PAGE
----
Why Do We Complain About Horror?

Have you ever heard anyone complain that “family drama” has been done to death?  Whether it’s The Magnificent Ambersons, Ordinary People, or In the Bedroom, family drama has been around for a long time and accounted for a substantial amount of movies.  How about war films?  Ever heard someone say, “Oh no, not another war movie?”  How about a good detective thriller?  Political drama?  Sports movie? Even the dreaded romantic comedy, aka the “Rom-Com,” doesn’t get the complaints that it’s done to death.  Oh, people may hate them, but they don’t think there’s an overload.  But mention zombies and, oh crikey, here we go.  “Zombies? Oh, I can’t take anymore zombie movies!”  In fact, every few years it seems like we tire of a specific subgenre of horror.  The seventies gave us too many devil movies, the eighties into the nineties, too many vampire flicks, starting with Salem’s Lot on tv, moving into the comic horror of Fright Night, and culminating with Francis Ford Coppola’s romantic opera, Bram Stoker’s Dracula.  Also in the eighties we got slasher films and everyone got tired of those.  But like any good horror monster, they keep coming because everyone knows, no matter how much we complain, we’ll always want more.


The problem with the more fantastical genres, like fantasy, science fiction, and horror, is that when you get one hit in them, everyone rushes to make another one just like it and, as a result, it’s not so much saturation as sameness.  When that mold is broken, even slightly, it’s usually welcomed with a sigh of relief.  Let’s go back to the zombies for a moment.  Even though there are plenty of movies prior to 1968 concerning zombies of a different form than the modern kind we’re used to, it was then that Night of the Living Dead was released and that, more than anything else, has informed the zombie genre.   The slow moving zombie, menacing the living alive, was the staple until more than three decades later when zombies became better, stronger, faster.  The Six Million Dollar Zombie was born and with that, a renewed interest in the genre.  Now the genre has success on both television and the silver screen to the point that it doesn’t even have to be about scaring anyone anymore.  Can anyone honestly say they were scared by World War Z?  And that’s not a hit against the movie, it’s that I don’t think it was ever intended to be scary.  By the time of its production, zombies had graduated from shock monsters to cogs in an international thriller plot.  And still, the complaints come.  I see them online, on movie lists, articles, facebook posts, and twitter all the time.  People constantly complaining about zombie movies.  And yet, here we are.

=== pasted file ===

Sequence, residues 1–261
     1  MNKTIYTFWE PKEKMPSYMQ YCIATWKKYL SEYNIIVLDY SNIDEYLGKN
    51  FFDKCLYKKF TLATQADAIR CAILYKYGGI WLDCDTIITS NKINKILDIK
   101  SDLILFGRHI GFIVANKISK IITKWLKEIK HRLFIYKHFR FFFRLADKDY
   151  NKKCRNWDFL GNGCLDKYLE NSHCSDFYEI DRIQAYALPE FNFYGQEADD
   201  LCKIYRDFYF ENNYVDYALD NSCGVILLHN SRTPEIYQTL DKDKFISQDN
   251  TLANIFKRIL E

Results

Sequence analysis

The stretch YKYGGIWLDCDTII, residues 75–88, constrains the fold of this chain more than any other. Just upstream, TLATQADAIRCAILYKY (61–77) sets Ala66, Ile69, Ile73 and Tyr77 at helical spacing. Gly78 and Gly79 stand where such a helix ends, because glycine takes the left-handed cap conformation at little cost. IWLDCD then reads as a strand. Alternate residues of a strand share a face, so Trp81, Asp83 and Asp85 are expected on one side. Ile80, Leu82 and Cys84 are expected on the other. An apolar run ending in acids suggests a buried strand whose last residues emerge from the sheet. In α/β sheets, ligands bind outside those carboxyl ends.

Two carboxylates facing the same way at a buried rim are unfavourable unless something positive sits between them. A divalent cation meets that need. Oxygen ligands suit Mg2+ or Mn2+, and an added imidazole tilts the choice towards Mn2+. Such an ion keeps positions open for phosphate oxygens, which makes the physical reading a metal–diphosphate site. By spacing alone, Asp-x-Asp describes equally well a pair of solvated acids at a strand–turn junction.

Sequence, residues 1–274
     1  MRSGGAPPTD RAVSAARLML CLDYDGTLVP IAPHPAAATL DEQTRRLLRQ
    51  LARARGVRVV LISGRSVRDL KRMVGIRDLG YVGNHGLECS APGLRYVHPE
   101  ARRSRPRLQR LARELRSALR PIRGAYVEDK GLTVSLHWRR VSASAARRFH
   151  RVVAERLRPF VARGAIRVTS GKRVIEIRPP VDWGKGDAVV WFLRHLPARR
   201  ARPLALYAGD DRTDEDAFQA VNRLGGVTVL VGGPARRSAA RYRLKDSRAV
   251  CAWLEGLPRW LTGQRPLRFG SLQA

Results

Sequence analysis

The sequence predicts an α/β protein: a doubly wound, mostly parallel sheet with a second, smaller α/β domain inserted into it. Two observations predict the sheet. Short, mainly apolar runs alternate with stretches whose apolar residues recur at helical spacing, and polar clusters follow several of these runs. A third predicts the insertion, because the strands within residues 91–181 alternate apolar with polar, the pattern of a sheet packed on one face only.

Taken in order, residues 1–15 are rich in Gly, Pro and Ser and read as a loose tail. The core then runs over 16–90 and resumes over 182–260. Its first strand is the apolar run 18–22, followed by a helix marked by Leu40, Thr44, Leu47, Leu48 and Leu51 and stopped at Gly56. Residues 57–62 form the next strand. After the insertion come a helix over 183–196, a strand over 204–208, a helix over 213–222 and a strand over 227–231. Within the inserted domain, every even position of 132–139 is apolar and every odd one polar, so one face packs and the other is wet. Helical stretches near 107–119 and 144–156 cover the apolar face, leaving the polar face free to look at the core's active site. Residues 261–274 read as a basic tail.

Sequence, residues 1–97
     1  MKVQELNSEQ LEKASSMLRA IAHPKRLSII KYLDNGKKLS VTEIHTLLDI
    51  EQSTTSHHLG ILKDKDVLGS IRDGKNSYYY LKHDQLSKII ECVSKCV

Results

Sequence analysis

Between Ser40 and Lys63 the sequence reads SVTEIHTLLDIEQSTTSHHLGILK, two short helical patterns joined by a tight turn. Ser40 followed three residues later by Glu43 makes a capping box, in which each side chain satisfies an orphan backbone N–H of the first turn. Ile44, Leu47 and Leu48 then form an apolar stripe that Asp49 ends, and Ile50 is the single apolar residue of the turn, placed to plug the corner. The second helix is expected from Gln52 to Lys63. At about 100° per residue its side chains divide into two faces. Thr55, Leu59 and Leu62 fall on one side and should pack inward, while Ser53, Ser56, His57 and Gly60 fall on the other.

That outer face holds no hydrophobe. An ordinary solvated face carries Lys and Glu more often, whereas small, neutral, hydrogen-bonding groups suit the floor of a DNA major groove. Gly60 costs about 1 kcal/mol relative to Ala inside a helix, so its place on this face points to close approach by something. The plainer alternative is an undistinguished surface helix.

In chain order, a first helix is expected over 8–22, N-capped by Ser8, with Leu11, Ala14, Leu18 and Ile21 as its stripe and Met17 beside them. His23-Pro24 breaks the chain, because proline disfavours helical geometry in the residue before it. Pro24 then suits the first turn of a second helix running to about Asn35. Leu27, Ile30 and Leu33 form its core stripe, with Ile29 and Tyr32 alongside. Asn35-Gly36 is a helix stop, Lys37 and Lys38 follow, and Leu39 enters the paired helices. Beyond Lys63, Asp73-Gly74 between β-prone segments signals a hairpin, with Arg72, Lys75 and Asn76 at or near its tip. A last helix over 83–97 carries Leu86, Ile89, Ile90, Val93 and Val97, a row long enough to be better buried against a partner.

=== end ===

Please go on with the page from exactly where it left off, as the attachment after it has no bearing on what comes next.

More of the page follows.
Okay, so I haven’t tackled the question yet.  Why do people complain so much more about the horror genre than any of the so-called straight genres, the ones that take place in the real world and employ real people, so to speak?  Here’s where we go full bore into the realm of conjecture, mine.  No, I don’t have anything to back up what I feel may be the case but I’ve never pretended my opinion on the world of cinema was ever more than that, opinion.  And it is of my considered opinion that people have a very hard time seeing past the basic premise of the horror genre itself.  For most people, a zombie is a zombie is a zombie.  But it’s not and they’re not and we’re not here to just watch the same movie over and over.  No one would expect every movie made about a family in turmoil to revolve around the death of a child, as in Ordinary People.  No one would expect every war movie to revolve around soldiers in a prison camp building a bridge for their captors.  No one would expect every sports movie to be about a little league baseball team that’s nothing but bad news.  But many people seem to think a zombie movie should never be anything more than slow moving creatures, risen from the dead, terrorizing holed up normal folk just trying to survive the night.